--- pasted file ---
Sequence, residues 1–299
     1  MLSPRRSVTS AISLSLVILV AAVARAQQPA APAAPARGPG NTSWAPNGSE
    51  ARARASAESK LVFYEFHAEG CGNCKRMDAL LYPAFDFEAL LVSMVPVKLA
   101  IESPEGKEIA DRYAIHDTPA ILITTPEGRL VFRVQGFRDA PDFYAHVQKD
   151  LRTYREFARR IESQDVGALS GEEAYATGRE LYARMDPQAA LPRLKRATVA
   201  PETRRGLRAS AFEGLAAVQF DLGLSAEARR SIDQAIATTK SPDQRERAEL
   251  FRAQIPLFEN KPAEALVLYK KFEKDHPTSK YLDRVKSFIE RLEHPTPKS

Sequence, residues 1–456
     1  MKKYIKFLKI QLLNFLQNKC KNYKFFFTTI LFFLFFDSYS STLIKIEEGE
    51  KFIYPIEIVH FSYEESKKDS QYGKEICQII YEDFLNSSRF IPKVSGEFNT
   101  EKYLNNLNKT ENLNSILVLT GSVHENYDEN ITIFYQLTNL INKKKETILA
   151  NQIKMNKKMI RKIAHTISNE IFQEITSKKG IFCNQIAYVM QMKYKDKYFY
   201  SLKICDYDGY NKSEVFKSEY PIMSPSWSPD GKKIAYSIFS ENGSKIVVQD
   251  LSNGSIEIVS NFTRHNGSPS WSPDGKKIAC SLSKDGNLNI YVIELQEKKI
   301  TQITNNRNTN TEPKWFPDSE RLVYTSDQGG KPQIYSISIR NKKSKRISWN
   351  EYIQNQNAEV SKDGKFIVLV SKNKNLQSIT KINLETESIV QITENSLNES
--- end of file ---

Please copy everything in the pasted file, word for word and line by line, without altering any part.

Sequence, residues 1–299
     1  MLSPRRSVTS AISLSLVILV AAVARAQQPA APAAPARGPG NTSWAPNGSE
    51  ARARASAESK LVFYEFHAEG CGNCKRMDAL LYPAFDFEAL LVSMVPVKLA
   101  IESPEGKEIA DRYAIHDTPA ILITTPEGRL VFRVQGFRDA PDFYAHVQKD
   151  LRTYREFARR IESQDVGALS GEEAYATGRE LYARMDPQAA LPRLKRATVA
   201  PETRRGLRAS AFEGLAAVQF DLGLSAEARR SIDQAIATTK SPDQRERAEL
   251  FRAQIPLFEN KPAEALVLYK KFEKDHPTSK YLDRVKSFIE RLEHPTPKS

Sequence, residues 1–456
     1  MKKYIKFLKI QLLNFLQNKC KNYKFFFTTI LFFLFFDSYS STLIKIEEGE
    51  KFIYPIEIVH FSYEESKKDS QYGKEICQII YEDFLNSSRF IPKVSGEFNT
   101  EKYLNNLNKT ENLNSILVLT GSVHENYDEN ITIFYQLTNL INKKKETILA
   151  NQIKMNKKMI RKIAHTISNE IFQEITSKKG IFCNQIAYVM QMKYKDKYFY
   201  SLKICDYDGY NKSEVFKSEY PIMSPSWSPD GKKIAYSIFS ENGSKIVVQD
   251  LSNGSIEIVS NFTRHNGSPS WSPDGKKIAC SLSKDGNLNI YVIELQEKKI
   301  TQITNNRNTN TEPKWFPDSE RLVYTSDQGG KPQIYSISIR NKKSKRISWN
   351  EYIQNQNAEV SKDGKFIVLV SKNKNLQSIT KINLETESIV QITENSLNES